I can never resist the dubious allure of freaky food models. Self-saucing hot dogs, I-scream cones, hungry heifers, daffy doughnuts and cannibalistic coffee beans have all appeared on this blog - and in my nightmares! Usually, they're found at the seaside, so this fearsome French fry took me by surprise: he was
scaring attracting customers at a Christmas market in La Defense, Paris.
Wednesday 25 February 2015
Saturday 21 February 2015
One of London's newer, and most extraordinary, art galleries deserves a visit as much for its building as for its exhibitions. With a mission to showcase collections from around the UK, Two Temple Place offers its annual winter exhibition free of charge. The current show is Cotton to Gold: Extraordinary Collections of the Industrial North West and brings together a huge range of items (mediaeval books of hours, taxidermy, Roman coins, Japanese prints, Turner watercolours, Tiffany glass, and more) collected by philanthropical industrialists and later donated to public museums and galleries including Blackburn Museum, Haworth Art Gallery, and Towneley Hall.
The diverse collections fit beautifully into this late-Victorian house, and the curators have cleverly placed them in ways which complement each other. Some of the taxidermy in particular looks very much at home in its temporary surroundings!
The architecture deserves as much as attention as the exhibits. Two Temple Place was built as the estate office and London home of William Waldorf Astor, the wealthy American who also remodelled Cliveden and Hever Castle. Astor had lived in Europe as a young man, and in 1882 returned to Italy for three years as a diplomat. He became the richest man in the world after his father's death in 1890 and, disenchanted with various aspects of life in New York, he chose to leave the United States for England. He invested in the press, buying the Pall Mall Gazette, and took up writing himself; he also bought Cliveden and took out a lease on the grand Carlton House Terrace in London. It was an extravagance, then, to commission Two Temple Place as combined home and office for the Astor Estate in New York. Even more extravagantly, Astor gave his architect a free hand with the budget. The building's cost was apparently £250,000.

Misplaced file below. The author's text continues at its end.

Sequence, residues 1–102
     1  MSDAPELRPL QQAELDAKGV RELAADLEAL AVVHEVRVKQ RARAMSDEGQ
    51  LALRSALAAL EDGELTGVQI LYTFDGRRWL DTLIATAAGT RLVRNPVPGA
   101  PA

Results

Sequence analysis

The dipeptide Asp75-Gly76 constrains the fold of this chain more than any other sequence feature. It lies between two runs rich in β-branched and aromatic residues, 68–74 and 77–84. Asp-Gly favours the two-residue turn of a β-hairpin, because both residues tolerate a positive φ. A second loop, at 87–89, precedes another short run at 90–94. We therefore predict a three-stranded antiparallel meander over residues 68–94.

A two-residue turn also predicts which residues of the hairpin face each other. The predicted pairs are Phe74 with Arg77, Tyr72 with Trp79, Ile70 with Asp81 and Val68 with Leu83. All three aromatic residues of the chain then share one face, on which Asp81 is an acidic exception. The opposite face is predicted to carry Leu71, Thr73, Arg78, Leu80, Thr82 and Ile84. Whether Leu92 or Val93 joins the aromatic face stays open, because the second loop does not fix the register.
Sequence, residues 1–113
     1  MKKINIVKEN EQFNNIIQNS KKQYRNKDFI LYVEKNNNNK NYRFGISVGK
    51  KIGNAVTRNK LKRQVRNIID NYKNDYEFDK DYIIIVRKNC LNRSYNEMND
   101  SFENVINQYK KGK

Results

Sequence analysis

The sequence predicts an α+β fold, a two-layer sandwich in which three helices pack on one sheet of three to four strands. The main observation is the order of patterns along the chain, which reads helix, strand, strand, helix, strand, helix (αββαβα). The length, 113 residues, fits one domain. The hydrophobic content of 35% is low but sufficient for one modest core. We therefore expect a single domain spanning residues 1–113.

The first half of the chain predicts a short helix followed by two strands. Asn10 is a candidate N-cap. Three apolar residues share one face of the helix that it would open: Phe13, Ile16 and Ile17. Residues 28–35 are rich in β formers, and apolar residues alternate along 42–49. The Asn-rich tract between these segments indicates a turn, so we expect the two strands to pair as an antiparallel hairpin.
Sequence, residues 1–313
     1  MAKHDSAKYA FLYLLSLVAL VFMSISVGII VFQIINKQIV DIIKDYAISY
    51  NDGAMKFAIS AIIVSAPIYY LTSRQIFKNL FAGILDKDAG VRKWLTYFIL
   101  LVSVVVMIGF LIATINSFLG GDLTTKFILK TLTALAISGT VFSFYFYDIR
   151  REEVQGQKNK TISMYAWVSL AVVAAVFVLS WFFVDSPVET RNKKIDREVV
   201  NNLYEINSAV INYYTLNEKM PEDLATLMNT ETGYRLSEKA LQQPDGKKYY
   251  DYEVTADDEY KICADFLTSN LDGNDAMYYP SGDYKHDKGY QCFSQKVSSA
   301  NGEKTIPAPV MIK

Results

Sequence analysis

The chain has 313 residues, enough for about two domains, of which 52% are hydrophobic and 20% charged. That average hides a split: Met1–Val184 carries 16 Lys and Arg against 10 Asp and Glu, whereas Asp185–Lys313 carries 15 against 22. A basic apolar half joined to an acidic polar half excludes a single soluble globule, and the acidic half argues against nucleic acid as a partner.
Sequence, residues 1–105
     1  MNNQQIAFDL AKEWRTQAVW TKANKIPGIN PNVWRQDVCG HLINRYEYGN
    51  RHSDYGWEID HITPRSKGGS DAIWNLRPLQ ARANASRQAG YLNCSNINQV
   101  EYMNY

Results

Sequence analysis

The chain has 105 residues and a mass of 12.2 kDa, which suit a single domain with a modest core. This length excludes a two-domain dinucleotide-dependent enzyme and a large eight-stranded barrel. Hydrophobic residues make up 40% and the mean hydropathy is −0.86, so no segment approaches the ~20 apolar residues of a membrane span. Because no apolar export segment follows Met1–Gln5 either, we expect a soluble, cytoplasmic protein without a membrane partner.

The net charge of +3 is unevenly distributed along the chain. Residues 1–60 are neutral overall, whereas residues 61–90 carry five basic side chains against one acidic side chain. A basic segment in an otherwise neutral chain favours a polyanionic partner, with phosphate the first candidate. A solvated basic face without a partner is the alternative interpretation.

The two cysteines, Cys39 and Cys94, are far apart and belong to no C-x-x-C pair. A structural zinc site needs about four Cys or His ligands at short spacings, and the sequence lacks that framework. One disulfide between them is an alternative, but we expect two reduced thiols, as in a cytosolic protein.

John Loughborough Pearson, the architect, was best known for his Gothic Revival churches, but also drew upon other influences including Renaissance and Byzantine architecture. In building this Elizabethan-influenced house, he paid great attention to the decorations and fittings as well as the fabric of the building itself, creating what Pevsner described as 'a perfect gem'.
The most attention-grabbing part of the interior is the grand staircase, rich in wood carving and topped with a large stained-glass skylight.
Visitors are not disappointed when they complete their ascent: among the first-floor rooms is the Great Room, wood-panelled, with a hammer-beam roof and two striking Clayton and Bell stained-glass windows. Its main doorway has nine silver-gilt relief figures of Arthurian heroines, the work of George Frampton.
The exterior is equally rich in detail and decoration. Portland stone and mullioned windows create light but impressive facades; the large weather vane, elaborate ironwork and highly decorative lamps add to the luxurious effect.
The pair of bronze lamps was sculpted by William Silver Frith and contains references to the building's role as a modern estate office. Two of the putti are conversing on the telephone; the other lamp has one putto holding a light bulb (rather different in shape in the 1890s to today's versions) while the other has electrical eequipment. The weather vane represents Columbus' ship the Santa Maria, a reference to Astor's family history and connections between the United States and Europe.